DC Comics published Sgt. Rock: The Lost Battalion, written and drawn by William Tucci, starting in November 2008. The story places Rock and Easy Company with the 1st Battalion, 141st Infantry, which was surrounded by German forces in the Vosges Mountains on October 24, 1944 and eventually rescued by the Japanese-American 442nd Regimental Combat Team.
The Lost Battalion also revives other famous World War II-era DC characters, such as the Haunted Tank, and “Navajo Ace” Johnny Cloud, and the story itself is mainly narrated by combat journalist William J. Kilroy, and German General Friedrich Wiese.
During World War II, Sgt. Rock fought in the infantry branch of the U.S. Army in the European Theatre and eventually rose to authority within his unit, Easy Company. The unit was a collection of disparate individuals who managed to participate in every major action in the European war. Rock’s dog-tag number was 409966, which had been, it was claimed, Robert Kanigher’s own military serial number.
Robert Kanigher mused in letters columns in the 1970s and 1980s that Rock probably belonged to “The Big Red One” (First US Infantry Division) given his appearance on battlefields in North Africa, Italy, and Northwest Europe. Rock’s backstory was fleshed out in different comics over the years; generally he is considered to have come from Pittsburgh, Pennsylvania, where he worked in a steel mill. Enlisting after the attack on Pearl Harbor, he went to North Africa as a private but promotion came quickly as his superiors were killed, to assistant squad leader, squad leader, and then platoon sergeant. During the main series, his unit is only ever given as “Easy Company“, but no regiment or division is named nor is unit insignia ever shown. Rock is shown to have two siblings (Sgt. Rock #421) Larry, a Marine fighting in the Pacific and Amy, a nun. In the 2009 six-issue mini-series “Sgt. Rock: The Lost Battalion” Rock’s unit is still referred to as “Easy Company” but is of the 141st Infantry Regiment. However, in the closing pages of the last issue, the narration states that, following the end of the story, “As usual, Sgt. Rock’s ‘Combat-Happy Joes’ moved out to fill the ranks of another Easy Company left fractured by war”, moving them to the 15th Infantry Regiment, 3rd Division, under 2nd Lieutenant Audie Murphy. A famous tagline of Rock’s is: “Nothin’s easy in Easy Company.”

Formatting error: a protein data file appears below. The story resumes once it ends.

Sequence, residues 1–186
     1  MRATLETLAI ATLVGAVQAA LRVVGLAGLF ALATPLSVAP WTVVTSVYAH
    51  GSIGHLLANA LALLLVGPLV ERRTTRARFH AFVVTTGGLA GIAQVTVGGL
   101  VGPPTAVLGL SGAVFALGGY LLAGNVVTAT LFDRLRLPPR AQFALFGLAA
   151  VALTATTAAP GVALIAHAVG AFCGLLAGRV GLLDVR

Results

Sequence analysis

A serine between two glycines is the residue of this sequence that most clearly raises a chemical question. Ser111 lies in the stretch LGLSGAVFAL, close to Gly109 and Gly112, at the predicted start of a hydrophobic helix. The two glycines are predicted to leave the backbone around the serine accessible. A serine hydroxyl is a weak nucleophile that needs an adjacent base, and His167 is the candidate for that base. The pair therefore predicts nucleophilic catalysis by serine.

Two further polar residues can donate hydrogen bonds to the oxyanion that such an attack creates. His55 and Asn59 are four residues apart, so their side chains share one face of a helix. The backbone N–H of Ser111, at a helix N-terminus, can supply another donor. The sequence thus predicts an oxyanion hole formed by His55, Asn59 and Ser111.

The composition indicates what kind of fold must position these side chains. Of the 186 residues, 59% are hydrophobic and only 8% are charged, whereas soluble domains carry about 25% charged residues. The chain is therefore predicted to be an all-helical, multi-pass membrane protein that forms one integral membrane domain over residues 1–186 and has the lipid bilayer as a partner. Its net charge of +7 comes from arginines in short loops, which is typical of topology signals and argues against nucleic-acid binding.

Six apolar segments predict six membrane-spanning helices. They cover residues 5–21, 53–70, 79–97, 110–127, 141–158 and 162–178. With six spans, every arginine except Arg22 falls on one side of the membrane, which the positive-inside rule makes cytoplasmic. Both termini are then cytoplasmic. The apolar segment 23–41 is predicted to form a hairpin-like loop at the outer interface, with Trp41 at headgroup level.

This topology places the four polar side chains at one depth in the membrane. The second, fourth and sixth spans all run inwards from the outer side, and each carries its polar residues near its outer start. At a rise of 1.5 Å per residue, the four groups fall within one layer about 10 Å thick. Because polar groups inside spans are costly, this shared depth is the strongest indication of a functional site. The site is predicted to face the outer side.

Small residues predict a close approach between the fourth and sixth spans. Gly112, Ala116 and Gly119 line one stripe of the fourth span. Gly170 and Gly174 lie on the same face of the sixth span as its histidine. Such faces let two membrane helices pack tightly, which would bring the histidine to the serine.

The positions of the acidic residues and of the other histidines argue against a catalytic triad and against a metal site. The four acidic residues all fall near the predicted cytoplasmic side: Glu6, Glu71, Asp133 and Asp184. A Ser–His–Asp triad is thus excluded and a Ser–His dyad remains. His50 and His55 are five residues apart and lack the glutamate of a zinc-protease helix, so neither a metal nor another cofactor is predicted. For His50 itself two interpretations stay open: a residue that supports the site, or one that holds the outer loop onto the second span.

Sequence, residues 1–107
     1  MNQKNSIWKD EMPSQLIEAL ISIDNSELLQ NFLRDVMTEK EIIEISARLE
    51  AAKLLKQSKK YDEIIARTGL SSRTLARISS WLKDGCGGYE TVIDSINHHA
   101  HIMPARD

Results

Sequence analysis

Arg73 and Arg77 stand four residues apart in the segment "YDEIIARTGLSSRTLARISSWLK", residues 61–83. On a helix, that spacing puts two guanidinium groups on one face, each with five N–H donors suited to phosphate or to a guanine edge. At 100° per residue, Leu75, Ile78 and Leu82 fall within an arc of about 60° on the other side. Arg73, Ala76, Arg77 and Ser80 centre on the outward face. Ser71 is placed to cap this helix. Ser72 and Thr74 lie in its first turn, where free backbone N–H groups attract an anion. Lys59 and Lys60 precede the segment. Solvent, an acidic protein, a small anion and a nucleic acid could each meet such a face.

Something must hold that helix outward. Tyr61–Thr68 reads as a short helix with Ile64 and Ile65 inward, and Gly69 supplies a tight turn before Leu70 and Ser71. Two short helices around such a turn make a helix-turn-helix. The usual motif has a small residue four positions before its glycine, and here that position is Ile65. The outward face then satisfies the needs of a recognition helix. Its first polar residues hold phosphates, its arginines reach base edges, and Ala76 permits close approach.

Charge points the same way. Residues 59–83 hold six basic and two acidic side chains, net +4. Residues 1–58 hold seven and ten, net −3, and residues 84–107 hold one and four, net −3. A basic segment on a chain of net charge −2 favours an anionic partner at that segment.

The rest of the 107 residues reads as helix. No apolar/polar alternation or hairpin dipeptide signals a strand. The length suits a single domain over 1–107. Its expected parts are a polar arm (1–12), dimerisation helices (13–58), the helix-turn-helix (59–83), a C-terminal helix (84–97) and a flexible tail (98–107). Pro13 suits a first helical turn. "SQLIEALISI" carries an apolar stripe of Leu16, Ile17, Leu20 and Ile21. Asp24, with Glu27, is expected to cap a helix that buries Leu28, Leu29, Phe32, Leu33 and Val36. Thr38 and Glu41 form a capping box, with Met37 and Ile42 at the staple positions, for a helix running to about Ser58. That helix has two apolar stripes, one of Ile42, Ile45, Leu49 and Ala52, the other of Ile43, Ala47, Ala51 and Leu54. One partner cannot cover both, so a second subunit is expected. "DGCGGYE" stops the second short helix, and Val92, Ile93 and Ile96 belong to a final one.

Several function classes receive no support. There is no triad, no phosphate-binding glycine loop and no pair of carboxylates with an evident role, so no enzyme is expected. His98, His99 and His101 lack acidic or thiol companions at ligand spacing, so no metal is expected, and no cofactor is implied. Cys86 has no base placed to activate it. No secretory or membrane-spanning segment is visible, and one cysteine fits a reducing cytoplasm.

Rock also usually wears the chevrons and rockers of a Master Sergeant on his uniform and also applied, oversize, to the front of his helmet.
It is likely Rock’s official position in Easy Company was of senior platoon sergeant though dialogue and scripts are usually vague on his actual responsibilities and duties. He usually leads patrols and appears to have powers of command over the men of the company. Several officer characters also appeared in the comic, as both platoon and company commanders, all of whom were regarded by Rock as superiors. Ever the model NCO, Sgt. Rock always rendered proper respect to these officers, and was always quick to give advice to not only ensure success, but for that officer to gain confidence and experience as a leader. Easy’s commander was usually referred to as “the skipper” by Rock. Rock in turn was referred to by others as the “topkick”, or senior non-commissioned officer in the company. Most infantry companies did not have master sergeants; significantly, Rock does not have the diamond of a first sergeant on his rank insignia.